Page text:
It has been a couple of months since my last post and I’m sure some of you may have been wondering why. The short story is that I got a job flying for a new company and have been busy training for the new job. (I have had some time off but I have spent it with my family) While two months may seem like a long time for training for a new job, as a pilot it’s not, and that is the purpose of this post. It’s easy to assume that because we fly airplanes for a living that we can fly any airplane, which if taken at the literal level of manipulating the controls of an airplane is a true statement, though the reality is much different.
For those aircraft weighing less than 12,500 pounds and not being turbojet powered (jet engines), as far as the FAA is concerned, that statement is true because the basic hands-on skills of flying an airplane don’t change. I can hop into a multitude of airplane types I’ve never flown before, do a few takeoff and landings, and take my family flying but that doesn’t mean it’s safe. Even though the basics of flying don’t change, each airplane model flies a little differently though the differences in small airplanes are minimal which is why the FAA doesn’t require specific type training for small airplanes. Insurance companies are a different matter and typically require some training for aircraft owners and there is renter’s insurance which covers the pilot, occupants, and the airplane (renter’s insurance is commonly required for aircraft rental). For airplanes weighing over 12,500 pounds or any turbojet powered airplanes (there are some jets that weigh less than 12,500 pounds) the FAA requires what’s called a type-rating, which is aircraft type specific training, to be able to legally fly those airplanes. (Type-ratings can cover multiple models of the same airplane, like the various models of the 737, or even different models which are similar enough that the FAA considers them to be the same, like the 757 & 767). That means if a pilot who is type-rated on the 737 gets a job flying a Learjet, that pilot has to get specific training and get typed on the Learjet. Getting back to topic at hand, my two month absence on the blog, the bulk of the previous two months has been on me getting typed on the new plane I’ll be flying, the Embraer Phenom 300, and the rest was on company specific stuff. The rest of the post will explain the process I’ve been through and what training I have left to do.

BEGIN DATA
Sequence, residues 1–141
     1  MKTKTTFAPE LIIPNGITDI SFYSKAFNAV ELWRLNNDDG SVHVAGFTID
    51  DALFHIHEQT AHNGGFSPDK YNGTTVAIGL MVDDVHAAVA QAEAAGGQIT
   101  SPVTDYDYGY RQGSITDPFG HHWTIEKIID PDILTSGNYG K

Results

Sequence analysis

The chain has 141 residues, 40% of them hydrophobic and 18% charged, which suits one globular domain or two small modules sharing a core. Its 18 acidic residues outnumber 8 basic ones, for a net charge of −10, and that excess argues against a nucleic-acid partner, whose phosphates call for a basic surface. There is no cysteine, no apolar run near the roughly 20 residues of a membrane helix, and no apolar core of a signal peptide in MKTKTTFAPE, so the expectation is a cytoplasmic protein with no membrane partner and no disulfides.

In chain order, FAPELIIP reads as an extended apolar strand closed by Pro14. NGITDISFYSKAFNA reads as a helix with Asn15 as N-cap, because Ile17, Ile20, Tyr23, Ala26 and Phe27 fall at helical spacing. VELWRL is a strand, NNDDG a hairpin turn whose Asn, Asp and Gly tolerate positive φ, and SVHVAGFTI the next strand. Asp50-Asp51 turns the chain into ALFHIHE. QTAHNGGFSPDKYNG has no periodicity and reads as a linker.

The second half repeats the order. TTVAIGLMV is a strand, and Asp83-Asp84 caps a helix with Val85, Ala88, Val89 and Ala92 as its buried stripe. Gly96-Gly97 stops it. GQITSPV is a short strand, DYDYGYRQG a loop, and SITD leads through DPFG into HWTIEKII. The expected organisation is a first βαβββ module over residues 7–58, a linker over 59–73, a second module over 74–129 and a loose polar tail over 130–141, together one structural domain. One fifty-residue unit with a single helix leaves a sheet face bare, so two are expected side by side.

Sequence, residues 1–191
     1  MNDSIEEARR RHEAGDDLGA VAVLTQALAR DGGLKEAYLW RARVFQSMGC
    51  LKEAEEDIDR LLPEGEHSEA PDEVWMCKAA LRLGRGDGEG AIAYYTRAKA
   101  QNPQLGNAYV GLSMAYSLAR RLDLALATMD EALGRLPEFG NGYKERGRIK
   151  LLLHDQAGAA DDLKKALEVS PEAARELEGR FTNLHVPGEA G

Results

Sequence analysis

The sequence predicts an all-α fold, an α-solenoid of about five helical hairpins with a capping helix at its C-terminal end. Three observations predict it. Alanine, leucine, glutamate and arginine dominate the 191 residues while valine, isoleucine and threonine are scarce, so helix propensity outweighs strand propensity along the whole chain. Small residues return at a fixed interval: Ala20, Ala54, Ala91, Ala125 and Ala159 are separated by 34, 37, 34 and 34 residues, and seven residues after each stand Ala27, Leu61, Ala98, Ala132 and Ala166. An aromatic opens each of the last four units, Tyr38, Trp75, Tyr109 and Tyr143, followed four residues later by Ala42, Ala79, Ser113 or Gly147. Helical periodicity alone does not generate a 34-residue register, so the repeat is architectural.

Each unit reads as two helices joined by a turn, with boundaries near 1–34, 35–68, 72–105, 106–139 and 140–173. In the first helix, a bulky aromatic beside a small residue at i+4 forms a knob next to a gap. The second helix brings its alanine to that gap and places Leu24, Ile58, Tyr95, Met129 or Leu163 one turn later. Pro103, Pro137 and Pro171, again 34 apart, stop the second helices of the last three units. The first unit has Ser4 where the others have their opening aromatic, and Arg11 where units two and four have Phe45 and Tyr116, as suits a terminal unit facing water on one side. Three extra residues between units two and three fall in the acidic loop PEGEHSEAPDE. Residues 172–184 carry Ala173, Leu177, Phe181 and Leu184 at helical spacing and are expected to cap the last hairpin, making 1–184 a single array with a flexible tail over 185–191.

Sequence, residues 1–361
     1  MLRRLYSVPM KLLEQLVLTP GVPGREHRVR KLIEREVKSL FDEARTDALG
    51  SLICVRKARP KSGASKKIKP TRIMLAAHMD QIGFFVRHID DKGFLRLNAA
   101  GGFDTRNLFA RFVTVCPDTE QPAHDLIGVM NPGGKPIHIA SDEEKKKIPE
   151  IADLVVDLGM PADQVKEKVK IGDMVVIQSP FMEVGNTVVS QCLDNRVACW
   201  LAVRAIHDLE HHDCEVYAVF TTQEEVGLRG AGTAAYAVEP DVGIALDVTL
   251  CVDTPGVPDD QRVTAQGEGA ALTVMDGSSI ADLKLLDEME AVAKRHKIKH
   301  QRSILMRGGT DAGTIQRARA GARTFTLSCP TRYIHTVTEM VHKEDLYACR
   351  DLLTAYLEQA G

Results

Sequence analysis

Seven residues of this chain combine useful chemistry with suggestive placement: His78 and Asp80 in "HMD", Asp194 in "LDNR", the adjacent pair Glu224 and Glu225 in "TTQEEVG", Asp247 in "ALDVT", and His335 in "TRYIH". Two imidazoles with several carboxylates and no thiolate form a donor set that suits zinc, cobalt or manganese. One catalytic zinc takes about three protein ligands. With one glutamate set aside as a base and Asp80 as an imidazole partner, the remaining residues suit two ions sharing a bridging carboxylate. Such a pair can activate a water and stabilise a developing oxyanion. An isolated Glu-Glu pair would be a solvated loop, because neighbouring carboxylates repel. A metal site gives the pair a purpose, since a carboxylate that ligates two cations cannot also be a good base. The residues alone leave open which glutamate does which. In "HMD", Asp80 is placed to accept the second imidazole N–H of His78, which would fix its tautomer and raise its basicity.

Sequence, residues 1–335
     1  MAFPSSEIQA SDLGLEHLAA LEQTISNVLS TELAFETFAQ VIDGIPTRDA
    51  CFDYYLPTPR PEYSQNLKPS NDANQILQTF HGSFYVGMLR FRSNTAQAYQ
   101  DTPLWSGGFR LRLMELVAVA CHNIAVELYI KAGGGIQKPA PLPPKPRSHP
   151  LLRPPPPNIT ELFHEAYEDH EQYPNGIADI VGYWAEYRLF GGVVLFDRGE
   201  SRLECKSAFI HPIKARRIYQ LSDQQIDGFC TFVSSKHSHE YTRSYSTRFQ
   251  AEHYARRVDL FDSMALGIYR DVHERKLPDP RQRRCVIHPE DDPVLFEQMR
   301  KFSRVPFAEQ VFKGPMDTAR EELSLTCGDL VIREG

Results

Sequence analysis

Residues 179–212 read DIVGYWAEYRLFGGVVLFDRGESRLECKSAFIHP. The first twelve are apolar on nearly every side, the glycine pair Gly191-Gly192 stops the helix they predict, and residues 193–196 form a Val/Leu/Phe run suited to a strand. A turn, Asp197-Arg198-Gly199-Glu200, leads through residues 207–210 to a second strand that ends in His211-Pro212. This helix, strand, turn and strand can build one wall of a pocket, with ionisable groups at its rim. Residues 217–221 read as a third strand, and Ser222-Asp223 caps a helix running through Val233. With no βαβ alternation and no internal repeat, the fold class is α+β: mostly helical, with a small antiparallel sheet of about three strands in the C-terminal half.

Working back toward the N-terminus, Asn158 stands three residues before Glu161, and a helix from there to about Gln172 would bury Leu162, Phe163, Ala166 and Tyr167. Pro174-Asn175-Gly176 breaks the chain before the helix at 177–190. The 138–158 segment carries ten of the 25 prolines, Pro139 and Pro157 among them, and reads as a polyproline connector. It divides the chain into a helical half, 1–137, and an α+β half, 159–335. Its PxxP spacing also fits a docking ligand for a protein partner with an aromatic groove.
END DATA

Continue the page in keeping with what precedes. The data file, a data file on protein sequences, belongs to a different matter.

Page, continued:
When starting a job at a new company, the first bit of training we do is called indoctrination or indoc training is learning that company’s operating policies and procedures and typically lasts one to three weeks. It typically starts with a bunch of standard Human Resources gobblygook (drug policies, what to do if harassed by a fellow employee, etc) and is boring as it sounds, unless you find HR stuff interesting which I don’t. The rest of indoc is related to how that company operates and how they do things. They may have company specific procedures which require higher weather minimums for operating into and out of certain airports, they may have a unique customer service model that needs explaining, etc. Everything they is covered in indoc training is applicable to the company’s entire fleet of aircraft but doesn’t cover how to operate the aircraft, which is done at a later date. Indoc training, like pretty every bit of aviation training, ends in a test and is typically multiple choice. Once indoc training is complete, we move on to aircraft training.